Digital subtraction angiogram. (a) Selective catheterisation of the right internal iliac artery (thin arrow) shows enlarged tortuous vessel with rapid filling of ectatic the right internal vein (thick arrow) via the fistula (asterisk); (b) Selective catheterisation of the distal right internal iliac artery with a microcatheter (thin arrow) shows large short fistulous tract (arrowhead) with some filling of ectatic the right internal vein (asterisk).
Arteriovenous malformations (AVMs) of the female pelvis are
uncommon. These may either be congenital or acquired. Congenital pelvic AVMs
are characterised by a large number of arterial feeding branches. The arterial
feeders are considered undifferentiated vascular structures following arrested
embryonic development at various stages . Acquired pelvic AVMs on the other
hand, develop following spontaneous rupture of an atherosclerotic aneurysm into
the adjacent veins or following penetrating trauma (less than 20%), e.g.
gunshot wound or stabbings, or after lumbar disc surgery . Therefore,
acquired AVMs are most commonly arteriovenous fistulas (AVF). The AVFs are most
commonly aorto-caval fistula, followed by ilio-iliac  and aorto-iliac.
However, the aetiology, clinical features, pathophysiology, principles of
management and postoperative care for these fistulas are similar. Approximately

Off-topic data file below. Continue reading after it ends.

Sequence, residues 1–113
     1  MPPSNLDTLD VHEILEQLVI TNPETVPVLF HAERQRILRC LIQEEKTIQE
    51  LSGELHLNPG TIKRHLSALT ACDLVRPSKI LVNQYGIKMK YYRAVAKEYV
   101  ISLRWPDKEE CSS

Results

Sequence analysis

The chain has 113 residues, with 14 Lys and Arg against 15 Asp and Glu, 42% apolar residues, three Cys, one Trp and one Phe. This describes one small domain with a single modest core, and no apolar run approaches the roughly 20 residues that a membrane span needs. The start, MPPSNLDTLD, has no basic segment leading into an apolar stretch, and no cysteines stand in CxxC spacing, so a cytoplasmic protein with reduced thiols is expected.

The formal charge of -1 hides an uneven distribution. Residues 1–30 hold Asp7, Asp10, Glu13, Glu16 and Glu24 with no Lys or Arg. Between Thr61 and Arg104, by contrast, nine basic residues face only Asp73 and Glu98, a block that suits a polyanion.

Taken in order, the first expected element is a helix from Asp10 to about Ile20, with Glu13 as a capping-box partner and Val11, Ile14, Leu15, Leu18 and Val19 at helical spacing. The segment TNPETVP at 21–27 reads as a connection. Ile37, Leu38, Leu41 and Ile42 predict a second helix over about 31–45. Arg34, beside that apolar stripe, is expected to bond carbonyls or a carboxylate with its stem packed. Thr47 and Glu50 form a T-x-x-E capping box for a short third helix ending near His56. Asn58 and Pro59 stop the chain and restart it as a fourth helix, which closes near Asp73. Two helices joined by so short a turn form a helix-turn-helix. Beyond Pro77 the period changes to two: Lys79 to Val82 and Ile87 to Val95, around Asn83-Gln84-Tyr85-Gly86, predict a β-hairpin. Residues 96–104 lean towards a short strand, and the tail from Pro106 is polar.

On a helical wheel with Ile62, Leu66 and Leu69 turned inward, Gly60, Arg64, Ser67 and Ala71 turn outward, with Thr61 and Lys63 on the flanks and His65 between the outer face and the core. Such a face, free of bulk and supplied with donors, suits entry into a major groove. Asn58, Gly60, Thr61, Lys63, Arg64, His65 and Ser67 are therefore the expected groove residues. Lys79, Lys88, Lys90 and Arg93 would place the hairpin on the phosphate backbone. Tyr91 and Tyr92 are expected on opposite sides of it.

3 to 4% of all patients undergoing surgery for ruptured aorto-iliac aneurysm
are found to have AVF . These carry a better prognosis than intraperitoneal,
retroperitoneal or enteric rupture of aorto-iliac aneurysms . The disorder
has a marked male preponderance . Other rarer causes of acquired AVFs
include Marfan�s syndrome, Ehler-Danlos syndrome, syphilis, Takayasu�s
arteritis, invasion by malignant tumour  and in some the cause is never
Pelvic AVMs may manifest with symptoms of pain, haemorrhage,
haematuria, dyspareunia, or congestive heart failure, or symptoms secondary to
mass effect on adjacent pelvic structures. Acquired AVF, secondary to surgery
or trauma, tend to occur in younger patients as trauma or surgery tends to
affect younger patients. In contrast, spontaneous perforation of atherosclerotic
aneurysm into adjacent veins tends to occur in the older population. Two large
series report mean ages of 67.3  and 69.7 years. The time of onset of
symptoms is usually earlier, from hours to weeks . The initial diagnosis is
often that of an abdominal aortic aneurysm, AVF is often not suspected and
often the diagnosis is only made at surgery .
Iliac artery aneurysms and ilio-iliac fistulas are usually
associated with abdominal aortic aneurysm, as demonstrated in this case, though